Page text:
My first book uses the backdrop of the Dirty War in Argentina to explore family, racism, and the concept of identity. My next book, set to debut this summer, delves into the complexities of family responsibility, good vs. evil, and the quest for redemption. But that’s not really all they’re about. Every book I’ve ever written, every book I ever will write is also about love. And while these two books may be violent and dark they are also about two broken people, their pieces so inexplicably tangled, trying to assemble what’s left of themselves into something new.

I’ve talked about broken characters before, about their importance, and about our draw to them. But when I talk about wanting to make readers feel recognized and connected, it’s much more personal than that. Because I want to be recognized too. I’m looking for a connection with my readers just as much as they are with my characters. Two books down and I’m still just looking for a place to belong in this world. Whether that’s within a culture with a sordid and seductive history, within a family that’s still drifting, our anchor lost three years ago this month, or in a community of pixelated strangers, all of us shouting into the void that is the internet, waiting to be heard. I’m still looking, waiting, and that’s why I keep writing. Because I’m still waiting to find where I belong.

Coming Up For Air

Mental Health, Writing Process

I’ve been heads down on book 4 for the past eight weeks. It’s shorter than my other books, a different genre and category too, but still I’ve never finished the first draft of something this quickly. I still have some loose ends to tie up before I can abandon this draft for a while and work on the 4th draft of book 3 but I’m so close. My brain knows it and my body definitely knows it. I came into this weekend feeling drained and tired and numb. Not just because I’ve been writing like crazy but because of the reason why I’ve been writing like crazy.

I’m the kind of person who hates asking for help. I hate inconveniencing people and even more than that I hate feeling like I owe people. But recently some people in my life have stepped up and offered to help me financially so that I can try and turn this whole writing thing into an actual career. I haven’t made a decision yet on whether or not I’ll take them up on that offer. But even so that feeling of responsibility still weighs heavy on me. And honestly, it always has.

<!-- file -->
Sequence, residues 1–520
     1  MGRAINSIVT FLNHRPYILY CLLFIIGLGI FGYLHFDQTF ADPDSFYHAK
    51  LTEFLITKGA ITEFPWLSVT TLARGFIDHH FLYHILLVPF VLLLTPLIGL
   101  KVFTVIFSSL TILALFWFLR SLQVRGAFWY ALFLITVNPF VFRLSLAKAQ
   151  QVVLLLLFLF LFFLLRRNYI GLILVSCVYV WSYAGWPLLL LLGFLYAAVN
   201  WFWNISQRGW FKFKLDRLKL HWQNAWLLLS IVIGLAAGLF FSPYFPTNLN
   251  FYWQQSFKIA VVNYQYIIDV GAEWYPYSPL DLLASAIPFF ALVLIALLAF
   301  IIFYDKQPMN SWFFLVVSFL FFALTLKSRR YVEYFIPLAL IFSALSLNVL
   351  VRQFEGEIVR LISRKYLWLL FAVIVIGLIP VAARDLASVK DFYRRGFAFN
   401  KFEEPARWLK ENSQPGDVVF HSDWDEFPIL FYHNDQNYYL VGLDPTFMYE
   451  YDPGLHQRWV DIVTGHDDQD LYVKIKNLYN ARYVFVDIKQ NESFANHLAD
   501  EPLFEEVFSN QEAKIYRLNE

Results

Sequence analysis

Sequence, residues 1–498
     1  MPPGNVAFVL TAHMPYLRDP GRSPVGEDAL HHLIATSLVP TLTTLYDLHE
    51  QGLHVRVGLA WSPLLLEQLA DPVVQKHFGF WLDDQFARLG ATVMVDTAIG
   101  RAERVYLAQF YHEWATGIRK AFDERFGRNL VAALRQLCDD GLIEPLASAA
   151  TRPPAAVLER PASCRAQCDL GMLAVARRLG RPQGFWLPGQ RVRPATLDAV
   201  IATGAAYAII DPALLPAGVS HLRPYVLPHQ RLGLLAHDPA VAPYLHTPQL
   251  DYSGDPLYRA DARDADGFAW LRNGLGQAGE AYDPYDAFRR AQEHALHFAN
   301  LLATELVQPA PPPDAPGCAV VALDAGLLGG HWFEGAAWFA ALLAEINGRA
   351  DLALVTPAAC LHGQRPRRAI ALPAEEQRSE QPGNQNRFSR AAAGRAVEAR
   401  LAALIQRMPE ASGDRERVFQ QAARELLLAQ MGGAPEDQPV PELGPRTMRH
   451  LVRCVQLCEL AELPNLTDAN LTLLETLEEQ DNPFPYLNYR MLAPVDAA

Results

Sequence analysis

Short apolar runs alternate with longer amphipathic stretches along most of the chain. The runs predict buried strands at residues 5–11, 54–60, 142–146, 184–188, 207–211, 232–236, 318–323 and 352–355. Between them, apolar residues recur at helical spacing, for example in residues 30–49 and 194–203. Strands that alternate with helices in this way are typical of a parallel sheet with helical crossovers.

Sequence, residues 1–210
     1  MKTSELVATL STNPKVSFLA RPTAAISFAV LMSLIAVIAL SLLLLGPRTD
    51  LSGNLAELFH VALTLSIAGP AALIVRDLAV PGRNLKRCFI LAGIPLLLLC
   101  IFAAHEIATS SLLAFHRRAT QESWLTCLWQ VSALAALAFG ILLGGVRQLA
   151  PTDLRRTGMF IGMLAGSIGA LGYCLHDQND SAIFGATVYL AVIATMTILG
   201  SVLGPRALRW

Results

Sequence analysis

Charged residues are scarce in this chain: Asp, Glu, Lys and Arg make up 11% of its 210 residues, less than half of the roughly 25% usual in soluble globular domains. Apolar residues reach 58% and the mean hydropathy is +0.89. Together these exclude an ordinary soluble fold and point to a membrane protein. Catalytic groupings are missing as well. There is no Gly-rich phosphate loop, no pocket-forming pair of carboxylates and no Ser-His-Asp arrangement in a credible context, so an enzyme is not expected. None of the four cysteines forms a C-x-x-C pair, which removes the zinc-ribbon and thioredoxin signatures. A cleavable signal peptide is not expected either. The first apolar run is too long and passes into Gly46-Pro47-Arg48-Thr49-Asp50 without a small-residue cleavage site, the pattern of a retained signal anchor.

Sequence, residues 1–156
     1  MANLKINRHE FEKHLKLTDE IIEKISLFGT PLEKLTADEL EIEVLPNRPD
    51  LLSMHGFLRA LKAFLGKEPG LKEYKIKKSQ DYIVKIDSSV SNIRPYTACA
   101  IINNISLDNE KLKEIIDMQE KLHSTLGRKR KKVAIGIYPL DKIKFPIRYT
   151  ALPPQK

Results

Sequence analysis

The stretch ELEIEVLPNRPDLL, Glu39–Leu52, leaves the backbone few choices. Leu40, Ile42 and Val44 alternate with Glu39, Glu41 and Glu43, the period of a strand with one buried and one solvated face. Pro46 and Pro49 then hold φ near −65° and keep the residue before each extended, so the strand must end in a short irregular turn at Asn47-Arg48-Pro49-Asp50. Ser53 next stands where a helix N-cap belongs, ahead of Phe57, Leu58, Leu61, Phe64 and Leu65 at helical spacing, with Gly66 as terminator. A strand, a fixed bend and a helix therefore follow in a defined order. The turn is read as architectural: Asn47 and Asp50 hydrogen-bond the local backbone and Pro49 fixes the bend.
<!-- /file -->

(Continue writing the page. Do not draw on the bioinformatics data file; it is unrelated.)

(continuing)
I don’t just work so hard for me. I do it for my family; for the people I care about. That’s why I write every day. Even when I’m tired. Even when I’d rather be doing something else. I’m trying to build up my backlist in hopes that one day one of my books will take off, that it will entice people to buy the others, that I’ll be able to make a comfortable living doing what I love so that I and the people I care about won’t have to struggle anymore. Because that’s what these last three years have been since my father passed away—an emotional, financial, spiritual struggle that I’m still battling on a daily basis.

But what if I could change all of that? If I just keep pushing, exhausting myself, worrying myself sick, what if all of that hard work pays off? I can sacrifice my sanity for a little while longer can’t I? These are the things that keep me up at night. Especially when I realize that I’ve lived in Florida for a year and a half and I haven’t really seen any of it. I’ve only been to the beach a handful of times. I haven’t done any of the normal touristy things people do here. I haven’t made any meaningful connections with anyone new. I’ve been sleeping here and going to work here and hiding in my apartment on the weekends writing, but I haven’t really lived here.

So I’ve felt stuck. Because what’s more important—my responsibility to my future or my responsibility to my present? The here and now vs. the what could be.

I went to the beach for the first time in almost a year this weekend and while I was just wading there, feet barely skimming the sand, I realized that the answer is both.  It’s possible to suspend yourself in that illusory place between the present and the future without losing your mind. It’s possible to stay tethered to your goals even when you decide that you need a break. And I did. I needed a break. So I took one and even though I can feel that guilt just below the surface, I’m going to ignore it. I’m going to loosen my grip on the future and I’m going to let myself breathe.